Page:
Emma Janvier

From the Sheet Music
"Perfectly Terrible"

EMMA JANVIER as born Emma Pohlamus Spicer in New York around 1875  to a very prominent New York family. Her father was John Worthington Spicer. Her mother, of Mohawk Indian descent, was Nellie Francis Mansfield. The 1880 Census show the family living at 620 Lexington Avenue in New York City. John Spicer was a "white goods merchant". There were four older children then living at home, William, 21; Mary, 20; Edith, 14; and Nellie, 11 years of age. 

Her father disowned her when she became a chorus girl, saying she disgraced the family. The Spicers were a prominent merchant family in New York City and in the Navy and militia of New York in the post-Revolutionary War years.  She borrowed her stage name from an uncle, Thomas A. Janvier (1849-1913), the author of several books, both fiction and non-fiction and who wrote columns occasionally for some New York newspapers. Her aunt, Margaret Thomson Janvier (1844-1913), she wrote many books for children under the pen name Margaret Vandergrift.  

Emma Pohlamus Spicer studied opera under a teacher known as Agremonto, whose identity  apparently has been lost to history. She studied at the New York Conservatory of Music. Emma Spicer had started with the intent of singing in her  Episcopal church choir, but ended up being a chorus girl in "Lost, Strayed or Stolen".  Her next show was a small part in "The Moth and the Flame", and then the next bit part was "the Telephone Girl". She also appeared in "Papa Gou-Gou" in 1899. In 1901 she made her Broadway debut with "All on Account of Eliza". Also making his Broadway debut that night was William F. Carroll, popularly known as "Irish Billy" Carroll.

Broadway Productions Dates of Production
All on Account of Eliza  [Original, Play, Comedy]
Performer: Emma Janvier
Sep 3, 1900 - Mar 1901
Glad of It  [Original, Play, Drama]
Performer: Emma Janvier
Dec 28, 1903 - Jan 1904
The Mayor of Tokio  [Original, Musical, Farce, Operetta]
Performer: Emma Janvier [Madame Stitch]
Dec 4, 1905 - Jan 13, 1906
The Spring Chicken  [Original, Musical]  
Performer: Emma Janvier [Mrs. Girdle]
Music by Ivan Caryll (1861-1921) and Lionel Monckton (1861-1924)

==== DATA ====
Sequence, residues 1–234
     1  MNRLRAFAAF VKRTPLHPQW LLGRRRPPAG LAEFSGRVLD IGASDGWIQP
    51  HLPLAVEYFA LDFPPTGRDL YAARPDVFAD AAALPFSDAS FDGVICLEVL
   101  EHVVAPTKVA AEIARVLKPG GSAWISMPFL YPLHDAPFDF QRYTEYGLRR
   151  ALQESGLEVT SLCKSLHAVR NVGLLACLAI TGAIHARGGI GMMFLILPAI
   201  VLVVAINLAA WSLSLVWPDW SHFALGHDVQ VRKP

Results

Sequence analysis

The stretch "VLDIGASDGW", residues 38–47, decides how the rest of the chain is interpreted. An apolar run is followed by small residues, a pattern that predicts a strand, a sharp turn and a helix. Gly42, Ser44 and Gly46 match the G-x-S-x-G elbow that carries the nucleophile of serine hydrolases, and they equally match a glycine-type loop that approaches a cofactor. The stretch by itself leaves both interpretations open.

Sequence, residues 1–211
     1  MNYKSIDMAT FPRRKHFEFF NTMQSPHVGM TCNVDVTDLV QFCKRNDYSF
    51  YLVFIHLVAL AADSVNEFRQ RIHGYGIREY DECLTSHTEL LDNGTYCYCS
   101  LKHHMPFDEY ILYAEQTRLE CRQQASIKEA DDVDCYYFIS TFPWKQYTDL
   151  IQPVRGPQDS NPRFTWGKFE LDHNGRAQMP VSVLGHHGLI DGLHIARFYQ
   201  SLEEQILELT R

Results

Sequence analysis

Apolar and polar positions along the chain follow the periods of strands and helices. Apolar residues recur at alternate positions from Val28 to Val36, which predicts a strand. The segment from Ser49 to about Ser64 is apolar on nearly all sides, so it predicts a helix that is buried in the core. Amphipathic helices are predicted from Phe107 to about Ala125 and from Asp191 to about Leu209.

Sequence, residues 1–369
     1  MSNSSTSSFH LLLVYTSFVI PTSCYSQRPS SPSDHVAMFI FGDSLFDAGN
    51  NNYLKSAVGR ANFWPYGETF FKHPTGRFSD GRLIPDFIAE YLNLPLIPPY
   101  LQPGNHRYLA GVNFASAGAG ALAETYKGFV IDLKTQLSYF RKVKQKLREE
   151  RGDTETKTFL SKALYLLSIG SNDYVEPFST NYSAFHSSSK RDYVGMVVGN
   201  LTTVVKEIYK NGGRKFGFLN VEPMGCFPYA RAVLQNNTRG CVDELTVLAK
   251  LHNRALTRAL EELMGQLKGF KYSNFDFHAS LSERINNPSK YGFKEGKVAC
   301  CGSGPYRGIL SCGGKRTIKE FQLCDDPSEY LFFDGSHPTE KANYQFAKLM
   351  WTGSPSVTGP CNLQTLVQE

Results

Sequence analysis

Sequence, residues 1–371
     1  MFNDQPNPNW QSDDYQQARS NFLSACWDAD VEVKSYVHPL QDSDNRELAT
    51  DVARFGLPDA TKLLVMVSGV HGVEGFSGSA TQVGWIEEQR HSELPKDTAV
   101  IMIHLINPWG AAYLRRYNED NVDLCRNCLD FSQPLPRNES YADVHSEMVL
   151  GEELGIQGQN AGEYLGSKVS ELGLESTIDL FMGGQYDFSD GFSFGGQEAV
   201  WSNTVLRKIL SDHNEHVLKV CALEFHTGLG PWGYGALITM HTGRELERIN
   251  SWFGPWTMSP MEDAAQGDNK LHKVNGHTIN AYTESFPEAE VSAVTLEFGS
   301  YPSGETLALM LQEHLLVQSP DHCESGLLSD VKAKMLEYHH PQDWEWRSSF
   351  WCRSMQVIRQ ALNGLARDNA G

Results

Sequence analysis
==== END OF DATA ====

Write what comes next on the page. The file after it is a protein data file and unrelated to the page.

Lyrics by Adrian Ross, Percy Greenbank and George Grossmith, J
Computer Generated Midi Opera Version
Oct 8, 1906 - Apr 20, 1907
Fifty Miles from Boston  [Original, Play, Play with music]
Starring: Emma Janvier [Mrs. Tilford]
Feb 3, 1908 - Mar 8, 1908
Miss Innocence  [Original, Musical, Extravaganza]
Starring: Emma Janvier [Miss Sniffins];
Starring: Emma Janvier [Mme. Pompignac]
Nov 30, 1908 - May 1, 1909
The Silver Star  [Original, Musical]
Performer: Emma Janvier [Mrs. Vera Willing]
Nov 1, 1909 - Feb 1910
Some Baby!  [Original, Play]
Performer: Emma Janvier
Aug 12, 1915 - Oct 1915
The Amber Empress  [Original, Musical, Comedy, Opera]
Performer: Emma Janvier [Mrs. Harriet Scott]
Sep 19, 1916 - Sep 30, 1916
Go to It  [Original, Play]
Performer: Emma Janvier
Oct 24, 1916 - Nov 1916
Two Little Girls in Blue  [Original, Musical, Comedy]
Performer: Emma Janvier [Hariette Neville]
May 3, 1921 - Aug 27, 1921
Molly Darling  [Original, Musical, Comedy]
Performer: Emma Janvier [Mrs. Redwing]
Sep 1, 1922 - Nov 25, 1922
Poppy  [Original, Musical, Comedy]
Performer: Emma Janvier [Princess Vronski Mameluke Pasha Tubbs]
Sep 3, 1923 - Jun 28, 1924

The next year she went on tour "Lovers' Lane," and followed that with a long engagement in "The Ninety and Nine." In December of 1904 Emma Janvier returned to Broadway, appearing in "Glad of It" which ran for a month at the Savoy, and then three subsequent roles in "Harriet's Honeymoon", "Vivian's Papas ", and "A Country Mouse."